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The creative treatment of disobedience and rebellion in Charlotte Perkins Gillman’s “The Yellow Wallpaper” and Herman Melville’s “Bartleby the Scrivener”
Even the initial critical treatment of “Bartleby, the scrivener” reveals the power of the system. The critics used to count the lawyer’s role as the initial one, referring to Bartleby as to a comical or nihilistic persona, while the narrator was perceived either as self-serving, or well-meaning. The phrase, “I would prefer not to” is not accepted in the workplace of then or even today. It is understood that while people are at work certain things are expected of them, regardless of what they would rather do. When Bartleby said those words he went against all that is assumed by being employed.
It wasn’t initially mentioned that Bartleby is the fighter for freedom, and the lawyer is the “owner” of freedom.
Bartleby’s opinion towards the system is categoric, while narrator seems confused. Why would he be? Is it possible that he also “felt” the intention of Bartleby, foresaw the “light at the end of the tunnel” but wasn’t ready for it. The presence of Bartleby in his office shook his perceptions of reality, and the “easiest way of life” showed itself to be no longer synonymous with “the best” one. In contemporary criticism Bartleby is viewed as “the blow to the lawyer’s certainty” so it might mean that Bartleby reached the essence of Thoreau’s idea, he infected another person with the idea of freedom.
There are two major themes that completely correspond in two short stories – problem of subordination, and the importance of freedom.
The problem of subordination in “The Yellow Wallpaper” is described in a different way: “Men perpetrated an ideological prison that subjected and silenced women. This ideology, called the Cult of True Womanhood, legitimized the victimization of women” as Deborah Thomas said. The protagonist is abused by the common perception of a woman, her specialised and limited social role. Her perception of these things as common and obligatory contradicts with inner forefeeling that freedom, not dependence will do her good. She is exceptionally subordinated to all the rules society has for her as a typical woman, and her longing to accept them as correct, disable her fighting for freedom and identity, though she knows that these are the only things able help her. So, she also tries to free herself from the system, though it happens subconsciously. As a woman, and as the dependent member of society she doesn’t have a possibility to express her mind freely as she wants and that forces her to cheat her husband first, than cheat everybody around, than cheat herself. Though readers never know, if she was cheated, as finally she managed to free herself from the bounds placed upon her existence, as “Women were cast as emotional servants whose lives were dedicated to the welfare of home and family in the perservence of social stability” (Papke). Women are conditioned to accept the boundaries and remain in place, in the private sphere. “If anyone, male or female, dared to tamper with the complex virtues which made up True Womanhood, he was dammed immediately as the enemy of God, of civilization, and of the Republic” (Welter).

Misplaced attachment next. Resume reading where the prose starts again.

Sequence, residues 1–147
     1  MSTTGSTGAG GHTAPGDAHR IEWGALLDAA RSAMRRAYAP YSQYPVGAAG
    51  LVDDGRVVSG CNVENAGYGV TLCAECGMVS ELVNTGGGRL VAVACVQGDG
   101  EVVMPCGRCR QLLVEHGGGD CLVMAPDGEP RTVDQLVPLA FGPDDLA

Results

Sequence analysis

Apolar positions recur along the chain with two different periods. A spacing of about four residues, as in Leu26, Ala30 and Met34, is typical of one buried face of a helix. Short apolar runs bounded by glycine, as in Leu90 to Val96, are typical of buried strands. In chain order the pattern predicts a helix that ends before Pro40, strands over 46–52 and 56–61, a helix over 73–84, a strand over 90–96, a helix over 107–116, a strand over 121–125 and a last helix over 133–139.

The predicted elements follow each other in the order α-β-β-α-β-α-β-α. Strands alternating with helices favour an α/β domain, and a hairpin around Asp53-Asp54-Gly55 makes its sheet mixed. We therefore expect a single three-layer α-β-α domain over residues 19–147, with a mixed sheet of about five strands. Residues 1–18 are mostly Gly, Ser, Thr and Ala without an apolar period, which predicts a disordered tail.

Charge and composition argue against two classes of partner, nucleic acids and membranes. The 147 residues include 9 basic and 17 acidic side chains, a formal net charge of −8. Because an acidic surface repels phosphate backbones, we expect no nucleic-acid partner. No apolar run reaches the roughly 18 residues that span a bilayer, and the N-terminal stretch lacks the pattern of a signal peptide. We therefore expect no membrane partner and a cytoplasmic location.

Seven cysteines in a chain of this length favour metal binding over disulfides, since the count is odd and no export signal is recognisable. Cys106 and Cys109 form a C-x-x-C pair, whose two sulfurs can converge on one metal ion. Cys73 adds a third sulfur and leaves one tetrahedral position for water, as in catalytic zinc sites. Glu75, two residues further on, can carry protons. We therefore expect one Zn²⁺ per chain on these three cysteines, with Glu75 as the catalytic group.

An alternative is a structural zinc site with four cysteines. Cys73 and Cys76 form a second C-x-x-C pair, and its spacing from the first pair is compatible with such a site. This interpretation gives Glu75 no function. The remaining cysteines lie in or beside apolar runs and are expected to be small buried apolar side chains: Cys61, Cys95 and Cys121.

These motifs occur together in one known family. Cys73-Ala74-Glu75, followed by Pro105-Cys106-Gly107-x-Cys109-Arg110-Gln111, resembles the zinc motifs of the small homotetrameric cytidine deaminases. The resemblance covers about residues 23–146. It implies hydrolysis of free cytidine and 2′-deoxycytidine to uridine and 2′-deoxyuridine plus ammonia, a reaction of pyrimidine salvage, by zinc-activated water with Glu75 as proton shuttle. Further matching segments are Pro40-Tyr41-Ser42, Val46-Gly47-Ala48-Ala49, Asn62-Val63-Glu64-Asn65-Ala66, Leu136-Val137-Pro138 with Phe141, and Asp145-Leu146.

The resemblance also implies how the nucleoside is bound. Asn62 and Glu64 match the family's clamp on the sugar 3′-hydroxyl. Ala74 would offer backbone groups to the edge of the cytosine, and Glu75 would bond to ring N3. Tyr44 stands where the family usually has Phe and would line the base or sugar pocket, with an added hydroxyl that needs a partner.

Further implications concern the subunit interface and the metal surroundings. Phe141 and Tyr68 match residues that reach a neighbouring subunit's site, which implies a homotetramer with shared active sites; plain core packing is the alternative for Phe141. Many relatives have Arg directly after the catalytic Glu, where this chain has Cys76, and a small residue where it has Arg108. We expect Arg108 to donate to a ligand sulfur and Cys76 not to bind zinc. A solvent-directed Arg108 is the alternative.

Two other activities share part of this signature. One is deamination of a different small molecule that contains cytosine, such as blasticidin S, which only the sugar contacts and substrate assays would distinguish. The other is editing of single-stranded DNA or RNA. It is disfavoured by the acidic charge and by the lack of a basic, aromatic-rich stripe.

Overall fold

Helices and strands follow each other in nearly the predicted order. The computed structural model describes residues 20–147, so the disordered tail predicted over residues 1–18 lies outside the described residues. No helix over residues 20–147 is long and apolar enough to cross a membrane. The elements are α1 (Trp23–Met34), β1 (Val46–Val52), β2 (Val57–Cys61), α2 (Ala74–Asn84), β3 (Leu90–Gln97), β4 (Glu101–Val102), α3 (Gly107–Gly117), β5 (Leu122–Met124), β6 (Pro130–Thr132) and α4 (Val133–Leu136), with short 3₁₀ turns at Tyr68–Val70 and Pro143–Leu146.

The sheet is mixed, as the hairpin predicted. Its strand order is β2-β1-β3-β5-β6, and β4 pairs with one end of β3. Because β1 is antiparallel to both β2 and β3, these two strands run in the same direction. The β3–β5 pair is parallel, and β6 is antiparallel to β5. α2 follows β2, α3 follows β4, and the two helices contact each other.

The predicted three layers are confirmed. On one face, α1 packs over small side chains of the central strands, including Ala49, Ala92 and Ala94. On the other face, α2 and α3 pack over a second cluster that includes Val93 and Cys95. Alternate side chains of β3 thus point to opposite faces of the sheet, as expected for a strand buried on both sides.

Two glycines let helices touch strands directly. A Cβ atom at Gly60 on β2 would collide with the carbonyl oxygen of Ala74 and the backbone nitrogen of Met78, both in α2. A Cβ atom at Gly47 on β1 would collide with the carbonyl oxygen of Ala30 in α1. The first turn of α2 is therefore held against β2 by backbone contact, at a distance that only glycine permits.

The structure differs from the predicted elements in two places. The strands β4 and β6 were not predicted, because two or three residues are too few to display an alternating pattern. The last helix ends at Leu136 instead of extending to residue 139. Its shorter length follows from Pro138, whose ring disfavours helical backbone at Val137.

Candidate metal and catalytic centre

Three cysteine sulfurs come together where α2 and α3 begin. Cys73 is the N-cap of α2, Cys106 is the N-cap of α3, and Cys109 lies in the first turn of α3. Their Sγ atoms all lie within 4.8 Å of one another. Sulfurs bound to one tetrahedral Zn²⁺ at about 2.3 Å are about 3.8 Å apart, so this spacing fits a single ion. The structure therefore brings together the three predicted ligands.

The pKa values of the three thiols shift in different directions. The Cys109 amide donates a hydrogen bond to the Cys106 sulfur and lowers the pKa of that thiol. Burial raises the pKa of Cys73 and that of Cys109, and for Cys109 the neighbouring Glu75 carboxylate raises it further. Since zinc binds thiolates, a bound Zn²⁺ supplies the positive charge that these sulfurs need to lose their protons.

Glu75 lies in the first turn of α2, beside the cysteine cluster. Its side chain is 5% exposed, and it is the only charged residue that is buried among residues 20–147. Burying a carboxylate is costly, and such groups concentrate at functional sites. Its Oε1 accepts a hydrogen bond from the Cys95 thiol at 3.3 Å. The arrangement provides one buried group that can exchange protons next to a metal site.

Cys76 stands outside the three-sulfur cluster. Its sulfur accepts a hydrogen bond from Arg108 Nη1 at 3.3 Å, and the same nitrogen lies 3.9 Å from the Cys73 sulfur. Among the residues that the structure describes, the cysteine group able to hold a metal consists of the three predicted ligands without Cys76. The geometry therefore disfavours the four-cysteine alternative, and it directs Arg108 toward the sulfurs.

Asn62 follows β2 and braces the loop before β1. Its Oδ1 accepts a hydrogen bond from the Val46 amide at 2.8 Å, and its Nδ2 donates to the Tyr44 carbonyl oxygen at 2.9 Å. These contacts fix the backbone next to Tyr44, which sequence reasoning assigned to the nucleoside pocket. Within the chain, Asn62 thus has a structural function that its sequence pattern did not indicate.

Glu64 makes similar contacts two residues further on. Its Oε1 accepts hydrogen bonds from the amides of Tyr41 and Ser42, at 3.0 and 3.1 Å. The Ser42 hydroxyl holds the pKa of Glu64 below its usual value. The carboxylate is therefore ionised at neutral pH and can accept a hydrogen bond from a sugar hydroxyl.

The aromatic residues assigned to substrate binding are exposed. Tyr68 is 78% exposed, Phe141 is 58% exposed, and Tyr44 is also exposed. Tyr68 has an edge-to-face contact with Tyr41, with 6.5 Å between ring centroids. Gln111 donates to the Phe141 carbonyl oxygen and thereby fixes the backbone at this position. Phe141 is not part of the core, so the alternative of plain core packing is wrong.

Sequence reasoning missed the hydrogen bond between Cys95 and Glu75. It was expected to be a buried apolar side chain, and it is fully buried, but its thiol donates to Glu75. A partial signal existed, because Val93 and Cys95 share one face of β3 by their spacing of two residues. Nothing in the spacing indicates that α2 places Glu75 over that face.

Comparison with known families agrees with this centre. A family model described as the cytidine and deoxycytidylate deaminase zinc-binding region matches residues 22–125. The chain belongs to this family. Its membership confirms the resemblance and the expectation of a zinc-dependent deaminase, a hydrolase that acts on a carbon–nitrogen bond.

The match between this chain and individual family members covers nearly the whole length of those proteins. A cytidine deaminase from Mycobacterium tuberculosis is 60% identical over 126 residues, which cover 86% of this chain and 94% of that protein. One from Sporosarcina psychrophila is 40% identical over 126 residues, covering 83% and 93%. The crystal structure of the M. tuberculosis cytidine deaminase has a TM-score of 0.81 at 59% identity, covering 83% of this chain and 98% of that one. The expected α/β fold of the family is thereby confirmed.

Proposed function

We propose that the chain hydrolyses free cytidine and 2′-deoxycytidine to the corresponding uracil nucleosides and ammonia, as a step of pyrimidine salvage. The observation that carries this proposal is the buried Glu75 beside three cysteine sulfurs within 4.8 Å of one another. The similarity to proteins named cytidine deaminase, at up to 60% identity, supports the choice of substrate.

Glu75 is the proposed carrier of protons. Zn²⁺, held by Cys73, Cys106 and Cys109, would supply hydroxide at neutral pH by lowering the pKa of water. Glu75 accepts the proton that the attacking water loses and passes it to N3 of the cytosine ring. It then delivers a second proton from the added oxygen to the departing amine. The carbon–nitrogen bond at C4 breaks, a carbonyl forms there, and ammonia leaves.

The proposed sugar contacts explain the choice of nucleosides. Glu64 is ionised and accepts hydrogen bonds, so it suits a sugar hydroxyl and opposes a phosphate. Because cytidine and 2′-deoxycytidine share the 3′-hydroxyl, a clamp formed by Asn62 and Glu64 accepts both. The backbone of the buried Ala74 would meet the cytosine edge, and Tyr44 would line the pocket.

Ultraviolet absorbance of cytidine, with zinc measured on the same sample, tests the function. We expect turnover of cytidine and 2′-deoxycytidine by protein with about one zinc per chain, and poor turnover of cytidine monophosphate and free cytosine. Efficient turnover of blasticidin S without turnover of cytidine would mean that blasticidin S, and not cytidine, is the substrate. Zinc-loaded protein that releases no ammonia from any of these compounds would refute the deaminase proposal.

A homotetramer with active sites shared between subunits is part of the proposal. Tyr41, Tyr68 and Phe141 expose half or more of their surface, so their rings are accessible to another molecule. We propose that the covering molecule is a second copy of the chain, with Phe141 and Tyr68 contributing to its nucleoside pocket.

That is what made the protagonist rebel. And the essential problem is not in the restrictions of the things, permitted to do, but the restriction to anything at all. It is unbearable for any mind, when it is forbidden to work. It is doubtful, whether the woman would be really provocative in the sense of idea of a freedom, propaganded by Thoreau, if she would be left to write according to her free will. As is seen from the short story, she was closely tied to her husband, her child, and even the surrounding system, because she showed the willingness to be like Jannie, not once in the discourse of the narrative. She might be left confused as the Lawyer in “Bartleby the Scrivener” if she would be given at least minimum of freedom. But as she wasn’t, the idea of freedom was growing more persuasive, and in the same time more subversive.
The need to find the way out of oppression led the character away from her family first, than herself, than from the reality. Madness (in the common perception of a system) was a price demanded for being beyond any rules, for being independent and free.
Whether the idea of rebellion in the short stories of Herman Melville and Charlotte Perkins Gillman was the extension of the one of Thoreau, or on the contrary, the reinterpretation of the two characters has narrowed it up, is for the readers to decide.
The point is that both characters by their inner rebellion achieved even more then Thoreau achieved by his open one: they became free, independent on the system around them, and on the people supporting this system. Somehow they reached to the idea of Thoreau: “I was not born to be forced. I will breath after my own fashion” and turned it into the reality of their own.